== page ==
How to Get Rid of Spyware
This document will give you some basic information about spyware, what it is, what it does, where it comes from, and how to get rid of it. It is not an in-depth article about spyware.
- What is spyware?
- How did I get infected with spyware?
- How can I avoid spyware?
- What does spyware do?
- How do I get rid of spyware?
- Links to spyware removal tools
From Wikipedia, the free encyclopedia:
Malicious websites may attempt to install spyware on readers' computers.
In this screenshot a spamblog has triggered a pop-up that offers spyware in the guise of a security upgrade.
In the field of computing, the term spyware refers to a broad category of malicious software designed to intercept or take partial control of a computer's operation without the informed consent of that machine's owner or legitimate user. While the term taken literally suggests software that surreptitiously monitors the user, it has come to refer more broadly to software that subverts the computer's operation for the benefit of a third party.
Spyware differs from viruses and worms in that it does not usually self-replicate. Like many recent viruses, however, spyware – by design – exploits infected computers for commercial gain. Typical tactics furthering this goal include delivery of unsolicited pop-up advertisements; theft of personal information (including financial information such as credit card numbers); monitoring of Web-browsing activity for marketing purposes; or routing of HTTP requests to advertising sites.
To sum it up, spyware is bad, sneaky, useless for you, annoying at best and very dangerous at worst (identity theft for example!).
From Wikipedia again, "spyware gets on a system through deception of the user or through exploitation of software vulnerabilities. The most direct route by which spyware can infect a computer involves the user installing it. [...] many spyware programs deceive the users, either by piggybacking on a piece of desirable software, or by tricking the users to do something that installs the software without them realizing. Recently, spyware has come to include "rogue anti-spyware" programs, which masquerade as security software while actually doing damage."
In short, you get spyware by clicking a Yes button on a dialog box too quickly, or when you fail to read the fine lines of the licence agreement when you install a new piece of software (remember, spyware can piggyback on a piece of desirable software) and "agree" to install that piece of software. Most of the time, you are tricked into installing spyware on your computer, and do it without even suspecting it.
A good way to avoid spyware is to read thoroughly all the licences agreements when you install a program, looking for paragraphs dealing with a suspicious third party software. Pay especially attention to freeware programs, many of them being free for a reason: they install a piece of spyware without letting you know. Thankfully, it is not the case for all free programs.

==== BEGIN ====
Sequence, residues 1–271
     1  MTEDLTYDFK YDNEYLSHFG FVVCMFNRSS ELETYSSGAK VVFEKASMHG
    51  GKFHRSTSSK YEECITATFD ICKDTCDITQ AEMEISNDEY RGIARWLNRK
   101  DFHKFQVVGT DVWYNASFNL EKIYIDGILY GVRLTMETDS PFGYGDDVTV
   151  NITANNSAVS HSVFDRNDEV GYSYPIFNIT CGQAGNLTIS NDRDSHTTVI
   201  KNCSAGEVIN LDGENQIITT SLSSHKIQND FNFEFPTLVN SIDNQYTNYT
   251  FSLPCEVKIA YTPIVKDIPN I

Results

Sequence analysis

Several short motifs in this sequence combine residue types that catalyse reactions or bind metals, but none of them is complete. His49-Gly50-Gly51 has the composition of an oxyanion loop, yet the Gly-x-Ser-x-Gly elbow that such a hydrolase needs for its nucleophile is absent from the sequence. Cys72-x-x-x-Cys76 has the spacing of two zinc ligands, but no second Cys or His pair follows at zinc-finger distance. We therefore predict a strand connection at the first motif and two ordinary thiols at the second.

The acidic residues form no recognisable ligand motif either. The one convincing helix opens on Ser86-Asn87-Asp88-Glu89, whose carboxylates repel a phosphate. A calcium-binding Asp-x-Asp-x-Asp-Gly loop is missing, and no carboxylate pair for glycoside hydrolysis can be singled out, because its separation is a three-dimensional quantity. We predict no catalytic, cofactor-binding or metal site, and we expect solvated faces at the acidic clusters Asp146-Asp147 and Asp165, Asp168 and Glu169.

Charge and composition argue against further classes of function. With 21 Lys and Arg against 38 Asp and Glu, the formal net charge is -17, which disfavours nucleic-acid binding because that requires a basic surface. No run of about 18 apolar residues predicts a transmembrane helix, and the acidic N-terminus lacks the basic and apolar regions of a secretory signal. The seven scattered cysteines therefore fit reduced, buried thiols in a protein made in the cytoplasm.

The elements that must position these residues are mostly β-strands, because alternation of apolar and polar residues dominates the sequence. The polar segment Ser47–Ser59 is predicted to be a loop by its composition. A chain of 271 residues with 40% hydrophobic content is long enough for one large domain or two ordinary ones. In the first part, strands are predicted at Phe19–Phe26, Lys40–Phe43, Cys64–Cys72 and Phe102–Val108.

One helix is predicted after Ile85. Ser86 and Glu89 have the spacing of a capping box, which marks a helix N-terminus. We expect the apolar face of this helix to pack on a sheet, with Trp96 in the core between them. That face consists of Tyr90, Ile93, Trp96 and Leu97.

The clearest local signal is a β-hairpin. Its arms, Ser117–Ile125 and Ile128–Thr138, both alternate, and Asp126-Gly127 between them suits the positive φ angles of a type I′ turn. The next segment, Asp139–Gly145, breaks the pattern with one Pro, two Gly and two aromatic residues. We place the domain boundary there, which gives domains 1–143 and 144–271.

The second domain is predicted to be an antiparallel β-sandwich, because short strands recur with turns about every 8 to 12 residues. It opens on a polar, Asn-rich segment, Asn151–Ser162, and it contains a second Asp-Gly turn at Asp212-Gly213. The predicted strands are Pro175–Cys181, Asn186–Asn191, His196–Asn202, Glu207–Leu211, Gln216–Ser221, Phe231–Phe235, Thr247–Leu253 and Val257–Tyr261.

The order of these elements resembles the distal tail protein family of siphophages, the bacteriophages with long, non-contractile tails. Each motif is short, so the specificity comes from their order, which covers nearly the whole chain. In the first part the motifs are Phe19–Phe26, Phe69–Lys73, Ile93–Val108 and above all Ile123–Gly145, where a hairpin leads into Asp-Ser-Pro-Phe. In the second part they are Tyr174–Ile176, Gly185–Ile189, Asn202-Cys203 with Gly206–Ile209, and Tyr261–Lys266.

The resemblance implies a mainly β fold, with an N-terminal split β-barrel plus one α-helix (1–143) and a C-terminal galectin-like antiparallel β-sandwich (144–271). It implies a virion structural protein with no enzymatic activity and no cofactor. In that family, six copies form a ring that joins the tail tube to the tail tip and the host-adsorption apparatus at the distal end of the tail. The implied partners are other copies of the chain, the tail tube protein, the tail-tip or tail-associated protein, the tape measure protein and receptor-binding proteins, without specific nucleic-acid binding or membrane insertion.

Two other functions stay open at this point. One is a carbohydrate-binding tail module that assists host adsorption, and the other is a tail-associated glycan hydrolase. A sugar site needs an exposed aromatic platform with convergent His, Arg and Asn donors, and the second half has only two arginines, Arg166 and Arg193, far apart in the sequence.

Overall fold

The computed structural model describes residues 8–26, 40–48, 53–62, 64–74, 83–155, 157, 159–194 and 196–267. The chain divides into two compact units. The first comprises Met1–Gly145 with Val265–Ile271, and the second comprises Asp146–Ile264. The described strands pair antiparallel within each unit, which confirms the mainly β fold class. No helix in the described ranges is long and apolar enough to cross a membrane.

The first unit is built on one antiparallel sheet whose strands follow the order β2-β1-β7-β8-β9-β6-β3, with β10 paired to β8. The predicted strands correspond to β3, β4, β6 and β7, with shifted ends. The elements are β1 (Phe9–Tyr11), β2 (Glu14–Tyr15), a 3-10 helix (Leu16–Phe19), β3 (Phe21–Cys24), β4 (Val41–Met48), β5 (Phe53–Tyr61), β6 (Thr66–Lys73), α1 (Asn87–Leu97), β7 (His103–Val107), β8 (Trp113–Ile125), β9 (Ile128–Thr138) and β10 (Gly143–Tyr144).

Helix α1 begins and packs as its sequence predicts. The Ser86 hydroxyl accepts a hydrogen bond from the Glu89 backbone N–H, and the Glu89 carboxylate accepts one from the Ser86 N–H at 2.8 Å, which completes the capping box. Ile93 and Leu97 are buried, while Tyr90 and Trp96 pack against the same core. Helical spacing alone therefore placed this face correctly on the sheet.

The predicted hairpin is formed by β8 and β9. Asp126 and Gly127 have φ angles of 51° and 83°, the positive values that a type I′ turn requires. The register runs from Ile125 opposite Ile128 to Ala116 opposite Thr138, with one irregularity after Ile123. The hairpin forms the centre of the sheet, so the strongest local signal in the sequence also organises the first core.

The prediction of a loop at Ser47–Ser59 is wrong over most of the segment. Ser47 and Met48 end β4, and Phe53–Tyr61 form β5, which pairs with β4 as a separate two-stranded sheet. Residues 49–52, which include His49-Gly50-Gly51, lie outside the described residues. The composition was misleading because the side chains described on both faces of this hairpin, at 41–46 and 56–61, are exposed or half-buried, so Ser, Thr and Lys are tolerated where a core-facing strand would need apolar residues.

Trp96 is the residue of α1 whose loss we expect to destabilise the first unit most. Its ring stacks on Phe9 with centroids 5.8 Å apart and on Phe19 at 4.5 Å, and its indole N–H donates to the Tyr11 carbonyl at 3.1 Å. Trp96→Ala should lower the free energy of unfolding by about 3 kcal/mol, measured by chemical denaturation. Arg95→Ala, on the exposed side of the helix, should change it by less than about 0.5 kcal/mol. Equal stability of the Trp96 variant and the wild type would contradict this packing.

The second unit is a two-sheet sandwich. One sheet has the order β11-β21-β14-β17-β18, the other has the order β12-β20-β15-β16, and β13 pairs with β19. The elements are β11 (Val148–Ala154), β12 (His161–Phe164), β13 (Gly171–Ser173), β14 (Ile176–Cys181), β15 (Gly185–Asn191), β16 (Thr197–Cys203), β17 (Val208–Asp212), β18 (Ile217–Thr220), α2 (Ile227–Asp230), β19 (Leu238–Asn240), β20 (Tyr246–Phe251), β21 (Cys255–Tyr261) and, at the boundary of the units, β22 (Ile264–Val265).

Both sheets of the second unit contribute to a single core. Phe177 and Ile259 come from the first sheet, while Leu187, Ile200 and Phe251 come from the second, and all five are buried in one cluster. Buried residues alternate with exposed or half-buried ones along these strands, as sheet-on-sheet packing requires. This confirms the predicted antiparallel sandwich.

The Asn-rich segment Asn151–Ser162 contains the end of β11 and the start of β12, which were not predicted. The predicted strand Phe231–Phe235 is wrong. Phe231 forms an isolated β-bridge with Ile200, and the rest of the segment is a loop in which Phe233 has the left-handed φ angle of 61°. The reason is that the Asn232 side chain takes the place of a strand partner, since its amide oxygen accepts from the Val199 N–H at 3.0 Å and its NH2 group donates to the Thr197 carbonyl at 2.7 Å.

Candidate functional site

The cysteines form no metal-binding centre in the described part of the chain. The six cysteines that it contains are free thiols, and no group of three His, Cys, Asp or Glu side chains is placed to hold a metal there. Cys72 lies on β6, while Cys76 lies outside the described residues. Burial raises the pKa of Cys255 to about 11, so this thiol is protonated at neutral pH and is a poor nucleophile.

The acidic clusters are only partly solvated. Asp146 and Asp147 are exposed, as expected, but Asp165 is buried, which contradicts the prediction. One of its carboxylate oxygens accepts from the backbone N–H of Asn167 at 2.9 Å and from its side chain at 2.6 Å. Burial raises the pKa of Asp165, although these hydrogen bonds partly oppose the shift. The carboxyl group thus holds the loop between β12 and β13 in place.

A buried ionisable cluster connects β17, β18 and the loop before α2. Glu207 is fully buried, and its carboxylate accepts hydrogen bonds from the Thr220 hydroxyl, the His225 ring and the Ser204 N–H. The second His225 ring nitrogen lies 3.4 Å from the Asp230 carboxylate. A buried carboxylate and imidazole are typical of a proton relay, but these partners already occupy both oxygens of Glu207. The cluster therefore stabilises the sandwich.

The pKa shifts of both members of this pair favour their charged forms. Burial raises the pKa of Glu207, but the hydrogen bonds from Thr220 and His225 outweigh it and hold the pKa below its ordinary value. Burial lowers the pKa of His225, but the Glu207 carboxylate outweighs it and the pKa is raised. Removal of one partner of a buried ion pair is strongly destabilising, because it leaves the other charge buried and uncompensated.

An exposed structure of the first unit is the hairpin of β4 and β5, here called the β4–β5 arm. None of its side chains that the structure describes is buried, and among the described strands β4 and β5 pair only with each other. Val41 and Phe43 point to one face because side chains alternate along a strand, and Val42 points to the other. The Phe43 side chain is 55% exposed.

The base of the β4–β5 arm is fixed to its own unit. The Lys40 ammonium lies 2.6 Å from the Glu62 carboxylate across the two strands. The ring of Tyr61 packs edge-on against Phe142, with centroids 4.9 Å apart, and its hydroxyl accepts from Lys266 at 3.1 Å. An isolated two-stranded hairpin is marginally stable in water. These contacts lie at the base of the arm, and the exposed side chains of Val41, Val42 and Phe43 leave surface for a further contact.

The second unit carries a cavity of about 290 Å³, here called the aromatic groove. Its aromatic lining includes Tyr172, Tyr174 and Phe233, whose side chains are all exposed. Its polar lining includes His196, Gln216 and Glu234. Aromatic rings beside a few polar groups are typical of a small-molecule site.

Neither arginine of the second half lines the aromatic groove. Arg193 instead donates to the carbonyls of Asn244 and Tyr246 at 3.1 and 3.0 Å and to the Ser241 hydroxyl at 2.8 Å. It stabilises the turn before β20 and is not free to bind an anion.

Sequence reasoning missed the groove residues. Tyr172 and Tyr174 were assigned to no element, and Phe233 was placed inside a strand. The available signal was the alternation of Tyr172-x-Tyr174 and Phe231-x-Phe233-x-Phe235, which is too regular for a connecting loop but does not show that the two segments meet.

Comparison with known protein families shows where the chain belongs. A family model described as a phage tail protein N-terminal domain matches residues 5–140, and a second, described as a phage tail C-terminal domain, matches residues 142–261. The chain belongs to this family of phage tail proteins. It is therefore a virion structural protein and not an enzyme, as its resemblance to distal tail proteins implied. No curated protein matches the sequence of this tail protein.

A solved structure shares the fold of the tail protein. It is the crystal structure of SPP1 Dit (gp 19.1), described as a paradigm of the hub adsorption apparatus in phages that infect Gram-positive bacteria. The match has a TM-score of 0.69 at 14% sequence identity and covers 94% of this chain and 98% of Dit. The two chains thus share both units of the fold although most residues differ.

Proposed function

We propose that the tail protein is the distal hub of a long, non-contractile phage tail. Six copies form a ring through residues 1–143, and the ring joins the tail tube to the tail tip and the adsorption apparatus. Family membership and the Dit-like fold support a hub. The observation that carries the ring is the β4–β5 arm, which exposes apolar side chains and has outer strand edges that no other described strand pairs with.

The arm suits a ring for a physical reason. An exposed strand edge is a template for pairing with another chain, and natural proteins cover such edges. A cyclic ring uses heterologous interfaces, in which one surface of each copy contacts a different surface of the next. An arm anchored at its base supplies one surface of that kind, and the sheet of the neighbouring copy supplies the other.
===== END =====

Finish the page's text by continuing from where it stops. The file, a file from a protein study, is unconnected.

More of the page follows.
Another way to avoid spyware is to take the time to read the dialog boxes coming from your web browser, since a lot of spyware is spread through websites.
Whenever in doubt, do not hesitate to look up the name of the program you are about to install on Google for example, and see if people report it as spyware or as bundled with spyware.
You can also download your software from cleansoftware.org, that offers software that is certified not to contain any spyware.
The presence of a piece of spyware on your computer can have many effects. First, it can attract more pieces of spyware. If your computer is infected, you will probably notice unexpected behavior of your computer. For example, your home page mysteriously changed to a website you've never heard of, or you suddenly see advertisements pop up on your screen.
If you are infected, you will mostly notice a significant degradation of your computer's performance. Spyware tend to eat a lot of resources and make your computer slower than before, even sometimes crawling!
Moreover, some spyware can interfere with your networking software and make it very difficult to connect to the Internet.
But that's not all. Spyware can be much more dangerous than just a resources hog. Some spyware attempts to steal private information from your computer and "phone home" to give it to its creator. It can lead to identity theft and fraud.
If some extreme circumstances, the only efficient way to sanitize a spyware infected computer is to format the hard drive and reinstall the operating system from scratch, leaving no residue of your former installation.
There are thankfully some less drastic ways of dealing with spyware. Prevention is one of them, and this includes using an Internet Firewall and maintaining your antivirus software up to date. But even the most careful persons are likely to install spyware without their consent.
To remove spyware, you can use many different programs. You can download some spyware removal programs for free from the Internet, and you can purchase some. Here's a list of popular spyware removal programs. They work pretty much like an antivirus program, from the user's point of view: you need to scan your computer on a regular basis, and to maintain the spyware definitions up-to-date as often as possible. Whenever a piece of spyware is detected, your spyware removal program attempts to destroy it. It is always a good idea to run successive scans until no more spyware is detected.
- Lavasoft Ad-Aware Personal Edition
- Spybot Search and Destroy
- Microsoft Windows Defender
- Spyware Blaster (not exactly a spyware scanner, but a useful application)
Retail spyware removal tools: